I’m saying even I could do this). Could I do this with a 4 ft long longsword or rapier, or a 3 ft long arming sword, or a 2-and-a-bit ft long mace or ax? No. Could I do it with an 8 ft long spear? Yes, and I’d have to step or lunge even less. What about with a 12 ft long pike? Well, now I could lunge and stab someone standing fifteen feet away, but having a melee reach of three entire squares is problematic from a game balance perspective.

If we wanted to add further realism we could say that shorter polearms suffer an attack penalty when making a reach attack because it’s easier for the target to just step out of measure, but some simplification is acceptable, and in my opinion, it is quite reasonable for a combat system to just use “polearms have an extra square of reach” as a rule.

Why is the UA Mystic class for D&D 5th edition so broken?

The Mystic is not broken as a class overall, but with the way most people in here seem to play D&D, I could see how they would think so.

Here’s the thing, most people on here seem to only play campaigns up to around level 10–12. Either life happens or the DM gets scared of higher level powers and just ends it. So why does this matter? Well the Mystic only gets up to level 5 spells. So, when everyone quits their campaign you are quitting when the mystic is at its strongest and right before the wizard, bard, sorcerer, etc passes him on.

The Mystic is EXTREMELY versatile. By far the best at solving problems outside of combat. In combat, the mystic can do anything any other class can do…..just not as well. You need a controller? Mystic can do it. Need a damage dealer, mystic can do it. Need a tank, you guessed it…mystic can do it. However, the mystic will never be as good as a wizard or paladin, or barbarian in doing what they do.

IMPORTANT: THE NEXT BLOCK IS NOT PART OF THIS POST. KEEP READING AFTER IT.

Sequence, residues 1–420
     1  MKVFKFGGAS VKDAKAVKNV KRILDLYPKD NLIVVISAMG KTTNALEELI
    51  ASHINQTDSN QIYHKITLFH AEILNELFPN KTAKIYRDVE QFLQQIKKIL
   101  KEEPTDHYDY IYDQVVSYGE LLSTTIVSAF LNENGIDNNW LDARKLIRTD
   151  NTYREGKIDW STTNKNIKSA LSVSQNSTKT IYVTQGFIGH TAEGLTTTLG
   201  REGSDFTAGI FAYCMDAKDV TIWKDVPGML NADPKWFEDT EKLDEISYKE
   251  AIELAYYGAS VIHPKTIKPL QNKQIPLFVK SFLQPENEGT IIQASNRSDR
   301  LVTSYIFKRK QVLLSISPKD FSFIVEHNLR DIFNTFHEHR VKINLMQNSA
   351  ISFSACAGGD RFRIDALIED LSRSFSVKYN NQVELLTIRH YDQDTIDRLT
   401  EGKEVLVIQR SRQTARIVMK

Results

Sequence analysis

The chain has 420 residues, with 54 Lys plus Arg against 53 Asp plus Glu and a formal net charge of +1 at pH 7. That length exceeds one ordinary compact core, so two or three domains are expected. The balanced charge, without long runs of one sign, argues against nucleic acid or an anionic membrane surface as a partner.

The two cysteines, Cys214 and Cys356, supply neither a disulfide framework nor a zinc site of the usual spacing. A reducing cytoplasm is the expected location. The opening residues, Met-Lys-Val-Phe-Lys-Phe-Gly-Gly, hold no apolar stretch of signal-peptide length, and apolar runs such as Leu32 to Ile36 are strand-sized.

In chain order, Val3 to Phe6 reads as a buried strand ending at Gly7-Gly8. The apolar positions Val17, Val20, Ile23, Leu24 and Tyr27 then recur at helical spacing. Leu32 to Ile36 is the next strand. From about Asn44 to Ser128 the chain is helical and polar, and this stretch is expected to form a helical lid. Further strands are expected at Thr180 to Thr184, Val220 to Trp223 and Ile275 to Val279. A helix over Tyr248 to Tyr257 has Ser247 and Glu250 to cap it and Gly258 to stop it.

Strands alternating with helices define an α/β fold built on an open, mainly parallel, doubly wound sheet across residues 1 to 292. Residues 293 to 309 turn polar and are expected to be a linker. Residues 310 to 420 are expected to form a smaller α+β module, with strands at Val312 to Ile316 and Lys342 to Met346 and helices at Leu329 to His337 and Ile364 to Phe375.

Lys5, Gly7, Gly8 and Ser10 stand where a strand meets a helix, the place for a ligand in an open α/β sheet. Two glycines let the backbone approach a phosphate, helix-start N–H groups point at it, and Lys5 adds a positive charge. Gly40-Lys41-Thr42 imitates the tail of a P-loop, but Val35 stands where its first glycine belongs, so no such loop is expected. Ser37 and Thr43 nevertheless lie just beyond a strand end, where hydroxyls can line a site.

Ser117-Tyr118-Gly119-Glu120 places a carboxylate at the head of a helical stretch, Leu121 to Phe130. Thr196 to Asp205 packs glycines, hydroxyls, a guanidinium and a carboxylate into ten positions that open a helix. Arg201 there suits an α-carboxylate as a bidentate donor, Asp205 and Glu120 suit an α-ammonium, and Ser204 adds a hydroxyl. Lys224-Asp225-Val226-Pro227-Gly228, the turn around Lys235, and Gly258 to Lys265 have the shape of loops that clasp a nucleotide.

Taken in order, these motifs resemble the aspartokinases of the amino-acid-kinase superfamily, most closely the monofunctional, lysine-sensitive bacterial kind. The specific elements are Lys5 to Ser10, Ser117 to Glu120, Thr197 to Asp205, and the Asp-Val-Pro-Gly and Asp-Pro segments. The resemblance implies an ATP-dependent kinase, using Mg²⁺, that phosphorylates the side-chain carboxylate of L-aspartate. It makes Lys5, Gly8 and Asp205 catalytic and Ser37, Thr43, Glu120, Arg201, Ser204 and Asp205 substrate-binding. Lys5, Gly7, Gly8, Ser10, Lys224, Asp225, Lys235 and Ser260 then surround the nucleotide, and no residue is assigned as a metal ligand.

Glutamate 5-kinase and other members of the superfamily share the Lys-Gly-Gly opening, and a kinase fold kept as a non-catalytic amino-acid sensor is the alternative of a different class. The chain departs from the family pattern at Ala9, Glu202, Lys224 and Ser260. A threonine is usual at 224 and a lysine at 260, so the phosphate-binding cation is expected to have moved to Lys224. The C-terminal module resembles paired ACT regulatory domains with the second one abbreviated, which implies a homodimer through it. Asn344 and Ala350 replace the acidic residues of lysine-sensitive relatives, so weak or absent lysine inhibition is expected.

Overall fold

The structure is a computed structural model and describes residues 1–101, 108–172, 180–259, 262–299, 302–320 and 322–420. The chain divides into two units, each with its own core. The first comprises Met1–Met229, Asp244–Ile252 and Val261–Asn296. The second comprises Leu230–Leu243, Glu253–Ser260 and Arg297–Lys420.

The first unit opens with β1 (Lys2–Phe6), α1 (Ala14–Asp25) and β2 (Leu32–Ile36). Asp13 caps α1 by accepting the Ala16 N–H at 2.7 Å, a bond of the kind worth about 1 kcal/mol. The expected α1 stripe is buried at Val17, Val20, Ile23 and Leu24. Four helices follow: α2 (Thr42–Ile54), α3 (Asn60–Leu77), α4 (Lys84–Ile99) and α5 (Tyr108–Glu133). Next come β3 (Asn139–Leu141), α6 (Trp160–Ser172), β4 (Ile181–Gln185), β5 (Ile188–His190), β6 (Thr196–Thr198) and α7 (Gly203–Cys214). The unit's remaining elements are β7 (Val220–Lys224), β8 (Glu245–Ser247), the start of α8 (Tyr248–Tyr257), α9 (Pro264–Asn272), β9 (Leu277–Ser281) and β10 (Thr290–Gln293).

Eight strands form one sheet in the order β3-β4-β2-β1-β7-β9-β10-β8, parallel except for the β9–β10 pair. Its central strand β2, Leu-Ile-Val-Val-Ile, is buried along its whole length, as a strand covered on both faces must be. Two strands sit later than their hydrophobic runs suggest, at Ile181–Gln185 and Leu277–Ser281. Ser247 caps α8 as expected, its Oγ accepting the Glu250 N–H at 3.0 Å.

Why does the quarterstaff not have reach in the 5th edition D&D 2021

The only real complaint about the mystic that I give any credence to is that the mystic doesn’t Need any components to cast spells like most all other casters do. Now, I never play in campaigns where anyone monitors component usage since most of the components are free or super cheap (exceptions might be made for those that cost thousands). But, if you are in a campaign where the DM is a stickler for components….I could see how that wouldn’t be fair.

Bottom line, the mystic is a Swiss army knife. He can do a lot of things, but not anyone thing the best. And if you ever play in a campaign past level 12….I’m pretty sure you’ll agree with me. That said, I’ve only played the mystic once and seen one other player play it, so if you disagree please give me examples.

Why is D&D 4th Edition hated?

Thanks for the A2A.

Clearly everybody didn’t hate it – it was quite popular with a certain group of players, many of whom were brand new to tabletop role-playing games, and it still has a lot of support from that particular group.

I think the general idea that people mention below, that it was “too different” pretty much sums it up succinctly. A few specifics, from my point of view:

Drastic Change from 3E/3.5.

The 3rd Edition of D&D brought a lot of lapsed gamers back into playing D&D, and Wizards of the Coast and other 3rd party publishers did a lot of work to capitalize on that nostalgia and keep those older lapsed gamers interested and invested in the game. Tons of support material, campaign settings, adventures, and most importantly, 3rd party products (more on that below) came out. The group of formerly lapsed gamers, most of whom were in their 30’s, had a lot more discretionary income than a grade school kid or a staving college student, and they bought tons of material for the game. Wizards of the Coast also, for the first time, “pulled back the curtain” on how the mechanics of the game really worked, to make it easier to design your own monsters, spells, classes, and more for the game.

Why does the quarterstaff not have reach in the 5th edition D&D 2021

And then, when 4th Edition came out, rather than just fix the problems with 3.5, Wizards told consumers, “4th Edition is different enough that we recommend you wrap up your 3.5 campaigns before switching to 4th Edition. The changes are big enough that it will be nearly impossible to transition a game.”